In 2000, three years after I had begun drinking daily, I met a woman from Australia who shared with me her yen for martinis, and so began my love affair with Bombay Sapphire gin. The relationship with Gillian barely made it to the new year, but gin martinis were a fixture for me until I started medical school, in the winter of 2004. Before that I had worked as a high school teacher during the day, and an English instructor at night. The night stint involved a lot of lecturing, which was a lot like what I imagined performing stand-up to be – just you on stage with a bunch of uninterested strangers whom you’ve somehow got to keep engaged in your subject matter or else lose them to attrition - and I couldn’t get through it without my trusty flask, which carried 5 oz of Napoleon brandy. Brandy is a great drink if you want to be cheery without seeming drunk. Too much beer makes a person dull, whiskey made me tired, wine makes you slur your words and gives that unbecoming reddish tinge to your tongue, but brandy, or its cousin cognac, is really underused as a cocktail. Unfortunately most drinkers relegate it to an after-dinner drink, the so-called digestif, saying it aids digestion, but really, with a full stomach, the alcohol in brandy is absorbed very slowly, diminishing its euphoric effects. After finishing my flask while lecturing on the past participles of action verbs, I’d come home to a big martini or a couple beers, and/or a couple glasses of wine, so that by the time I left for medical school my drinking habit had grown from binge drinking with friends through a four-drink minimum mixture of beer and wine, to six to eight drinks of various brands, flavors, and colors. Curiously I could never get into vodka, which many heavy drinkers (a term that could now be used to describe moi) adore for its colorless, odorless, flavorless qualities. Vodka always made me disagreeable.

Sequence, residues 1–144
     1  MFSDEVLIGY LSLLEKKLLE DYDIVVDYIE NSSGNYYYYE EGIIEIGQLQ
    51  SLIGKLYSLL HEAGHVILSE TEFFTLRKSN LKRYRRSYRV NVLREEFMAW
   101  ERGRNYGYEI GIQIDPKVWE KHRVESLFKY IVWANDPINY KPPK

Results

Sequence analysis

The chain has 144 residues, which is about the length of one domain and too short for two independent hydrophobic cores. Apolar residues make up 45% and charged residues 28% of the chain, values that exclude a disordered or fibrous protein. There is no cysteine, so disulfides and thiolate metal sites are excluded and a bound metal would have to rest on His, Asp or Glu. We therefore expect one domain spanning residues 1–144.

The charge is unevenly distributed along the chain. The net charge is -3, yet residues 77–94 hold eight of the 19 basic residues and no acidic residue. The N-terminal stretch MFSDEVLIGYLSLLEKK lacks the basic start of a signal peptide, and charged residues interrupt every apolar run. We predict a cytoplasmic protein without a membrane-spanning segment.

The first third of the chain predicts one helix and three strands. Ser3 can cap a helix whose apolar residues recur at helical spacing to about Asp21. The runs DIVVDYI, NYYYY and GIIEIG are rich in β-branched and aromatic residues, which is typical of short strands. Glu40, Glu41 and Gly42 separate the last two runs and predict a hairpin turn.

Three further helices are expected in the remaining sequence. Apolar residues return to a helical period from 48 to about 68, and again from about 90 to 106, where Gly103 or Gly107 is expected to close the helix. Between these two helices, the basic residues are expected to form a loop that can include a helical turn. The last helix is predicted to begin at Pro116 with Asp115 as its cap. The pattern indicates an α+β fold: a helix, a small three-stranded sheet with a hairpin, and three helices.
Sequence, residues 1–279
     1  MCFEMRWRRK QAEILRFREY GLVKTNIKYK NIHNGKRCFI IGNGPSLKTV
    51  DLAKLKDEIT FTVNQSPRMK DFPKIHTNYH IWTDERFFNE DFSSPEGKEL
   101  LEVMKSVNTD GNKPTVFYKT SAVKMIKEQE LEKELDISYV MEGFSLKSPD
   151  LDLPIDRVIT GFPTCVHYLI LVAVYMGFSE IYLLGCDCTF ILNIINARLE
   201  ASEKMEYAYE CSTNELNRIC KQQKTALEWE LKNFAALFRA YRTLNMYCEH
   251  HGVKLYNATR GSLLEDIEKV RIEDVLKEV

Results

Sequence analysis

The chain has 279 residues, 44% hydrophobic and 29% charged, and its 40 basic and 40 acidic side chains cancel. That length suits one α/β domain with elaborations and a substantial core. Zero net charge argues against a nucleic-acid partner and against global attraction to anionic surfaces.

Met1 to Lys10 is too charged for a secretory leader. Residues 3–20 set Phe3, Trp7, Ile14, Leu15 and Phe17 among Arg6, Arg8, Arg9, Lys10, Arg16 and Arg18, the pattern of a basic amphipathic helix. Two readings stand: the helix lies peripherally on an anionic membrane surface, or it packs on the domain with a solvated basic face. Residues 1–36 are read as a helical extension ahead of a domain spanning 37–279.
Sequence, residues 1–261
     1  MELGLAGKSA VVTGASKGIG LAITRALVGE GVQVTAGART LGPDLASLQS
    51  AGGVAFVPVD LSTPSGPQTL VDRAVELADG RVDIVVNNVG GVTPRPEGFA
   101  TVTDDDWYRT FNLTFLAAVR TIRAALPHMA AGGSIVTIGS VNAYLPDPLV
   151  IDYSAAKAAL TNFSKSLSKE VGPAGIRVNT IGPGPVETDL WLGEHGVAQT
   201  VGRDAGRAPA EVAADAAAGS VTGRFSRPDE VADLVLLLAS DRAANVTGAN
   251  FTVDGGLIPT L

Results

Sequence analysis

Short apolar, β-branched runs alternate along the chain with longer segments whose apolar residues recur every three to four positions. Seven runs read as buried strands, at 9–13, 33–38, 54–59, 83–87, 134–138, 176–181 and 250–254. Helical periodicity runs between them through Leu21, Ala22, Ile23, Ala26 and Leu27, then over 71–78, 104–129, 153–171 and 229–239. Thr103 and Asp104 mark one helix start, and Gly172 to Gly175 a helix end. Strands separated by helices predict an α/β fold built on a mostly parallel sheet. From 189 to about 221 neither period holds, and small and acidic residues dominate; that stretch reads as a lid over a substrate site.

I lived in the dorms for the first 4 months of medical school, which was odd for a guy in his early 30s who had never lived in the dorms in college, and in the dorms alcohol was forbidden. I could easily have smuggled some into my room but I am not a rule-breaker and so I confined my drinking to the weekends, either Friday or Saturday night, but never both. This meant that I’d go six days at a time without drinking, longer than I had managed to abstain since taking up the habit seven years before. Gosh, had it been that long? But when my roommate discovered that like himself I was a Scotch lover, he introduced me to various breeds of the classic Scottish whisky, Johnnie Walker, and on the island where we studied, since alcohol was not heavily taxed, we could get top-shelf versions – Johnnie Walker Gold, and Blue – for a fraction of what they’d cost in the states. So once again I began drinking more frequently, and in my med school years I abided by the work hard drink hard philosophy, capping off 12-hour days spent studying with a big brandy and a glass of wine, the equivalent of about 4 daily drinks. I often wondered whether drinking this much negatively affected my memory, and if my recall, specifically on tests, was compromised. Would I have been a better student had I been a teetotaler? As it was I was valedictorian, earning straight As. I don’t think it would have made much of a difference. Besides, those nightcaps gave me something to look forward to. Part of me believed that I was able to study so hard because I knew I could unwind at night with my libations. But why did my preferred form of relaxation have to be drinking? Why couldn’t it have been swimming, or tanning? Actually, I did a lot of swimming, running, biking, and suntanning during my school years. I even competed in a triathlon (hung over, of course) and still managed to place second. But drinking was different. Drinking had a mystique, and it was somewhat…naughty. And aside from the bottle my life was so clean and good. Like Cape Fear’s Max Cady, I needed a vice, to remind me I was human.